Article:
• Previously on…: The book opens with a modified version of Katara's Opening Narration from the cartoon, which briefly sums up the events of the series.
  • The Promise: It's right there in the title. A great deal of tension lies in Aang's promise to kill Zuko if he were to become too much like his father.
  • Properly Paranoid: Zuko fears attempts on his life, and wakes up just in time for one to happen.
  • Punctuated! For! Emphasis!:
    • Zuko hits Ozai's Berserk Button by claiming he trusts Aang more than Ozai or even himself, causing Ozai to roar "LEAVE. MY. PRESENCE!"
    • Katara's Punctuated Pounding moment.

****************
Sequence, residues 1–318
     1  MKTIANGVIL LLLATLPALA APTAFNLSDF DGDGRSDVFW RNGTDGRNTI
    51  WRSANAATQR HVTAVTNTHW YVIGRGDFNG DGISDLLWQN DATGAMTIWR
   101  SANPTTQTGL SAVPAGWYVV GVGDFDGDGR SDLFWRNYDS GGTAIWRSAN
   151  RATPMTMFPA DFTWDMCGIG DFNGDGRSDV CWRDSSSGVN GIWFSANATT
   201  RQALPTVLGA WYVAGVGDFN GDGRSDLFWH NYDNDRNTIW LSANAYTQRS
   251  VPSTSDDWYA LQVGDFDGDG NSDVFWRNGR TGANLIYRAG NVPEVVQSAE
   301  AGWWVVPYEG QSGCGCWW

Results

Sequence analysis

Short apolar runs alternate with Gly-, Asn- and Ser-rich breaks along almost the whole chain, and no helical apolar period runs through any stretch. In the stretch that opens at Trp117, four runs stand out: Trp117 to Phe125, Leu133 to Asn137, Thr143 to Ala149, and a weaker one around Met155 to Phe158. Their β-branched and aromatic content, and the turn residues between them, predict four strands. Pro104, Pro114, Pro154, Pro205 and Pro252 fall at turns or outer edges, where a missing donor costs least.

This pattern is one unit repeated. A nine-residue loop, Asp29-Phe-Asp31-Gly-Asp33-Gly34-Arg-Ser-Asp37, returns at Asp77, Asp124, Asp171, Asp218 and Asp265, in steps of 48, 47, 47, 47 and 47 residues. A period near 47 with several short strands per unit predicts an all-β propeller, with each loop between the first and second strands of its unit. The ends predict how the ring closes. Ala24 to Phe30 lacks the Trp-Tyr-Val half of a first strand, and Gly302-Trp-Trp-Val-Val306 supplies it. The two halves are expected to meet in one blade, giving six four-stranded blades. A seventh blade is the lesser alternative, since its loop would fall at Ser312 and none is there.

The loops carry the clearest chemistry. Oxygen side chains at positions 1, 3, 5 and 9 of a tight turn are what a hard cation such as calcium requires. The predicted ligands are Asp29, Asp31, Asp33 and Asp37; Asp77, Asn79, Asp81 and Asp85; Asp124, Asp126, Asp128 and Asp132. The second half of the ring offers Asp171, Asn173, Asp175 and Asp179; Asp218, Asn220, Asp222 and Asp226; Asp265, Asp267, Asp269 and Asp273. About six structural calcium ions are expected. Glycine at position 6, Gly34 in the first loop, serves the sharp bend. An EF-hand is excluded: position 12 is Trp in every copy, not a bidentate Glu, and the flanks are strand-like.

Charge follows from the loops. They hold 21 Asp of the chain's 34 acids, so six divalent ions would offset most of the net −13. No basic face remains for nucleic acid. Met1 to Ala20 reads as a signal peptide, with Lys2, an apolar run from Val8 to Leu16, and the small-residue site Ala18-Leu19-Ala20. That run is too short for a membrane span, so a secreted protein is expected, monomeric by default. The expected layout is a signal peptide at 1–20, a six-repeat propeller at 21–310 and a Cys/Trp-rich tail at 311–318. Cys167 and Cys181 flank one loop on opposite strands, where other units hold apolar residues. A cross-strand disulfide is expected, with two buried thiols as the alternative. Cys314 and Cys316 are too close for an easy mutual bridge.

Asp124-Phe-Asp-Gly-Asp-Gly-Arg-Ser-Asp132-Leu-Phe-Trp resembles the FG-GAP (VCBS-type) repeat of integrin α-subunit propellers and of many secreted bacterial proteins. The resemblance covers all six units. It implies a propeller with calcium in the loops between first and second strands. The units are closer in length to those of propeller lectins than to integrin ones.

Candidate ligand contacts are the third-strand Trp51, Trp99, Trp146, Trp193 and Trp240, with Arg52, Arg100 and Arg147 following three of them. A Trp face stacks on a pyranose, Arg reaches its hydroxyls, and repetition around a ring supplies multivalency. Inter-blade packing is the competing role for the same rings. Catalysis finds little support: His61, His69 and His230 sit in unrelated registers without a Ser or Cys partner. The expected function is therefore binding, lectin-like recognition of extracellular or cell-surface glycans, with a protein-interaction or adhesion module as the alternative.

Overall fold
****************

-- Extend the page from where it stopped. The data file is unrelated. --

• Punctuated Pounding: Katara waterbends several Fire Nation soldiers while shouting "STOP! TRYING! TO! SET! MY! BOYFRIEND! ON! FIRE!"
  • Puppy-Dog Eyes: Sokka uses them while he pleads with Toph to tell him what The Dark One's real name is.
  • Race Against the Clock: Smellerbee gives Aang three days to settle matters with Zuko before the Freedom Fighters take matters into their own hands. Aang runs out of time.
  • Rage Against the Mentor: Aang eventually denounces Roku as his advisor.
  • Rank Scales with Asskicking: Like every Fire Lord, Zuko personally leads combat and is more effective than his soldiers.
  • Rash Promise: Aang is overjoyed by having save the world in the series finale of the source material that he casually agrees to do any favor for his friend Zuko. Then Zuko makes him promise to kill him if he ends up turning evil, and the rest of the comic is all about Aang juggling his pacifism, Zuko's increasing resemblance to his evil father, and the promise he wished he never made.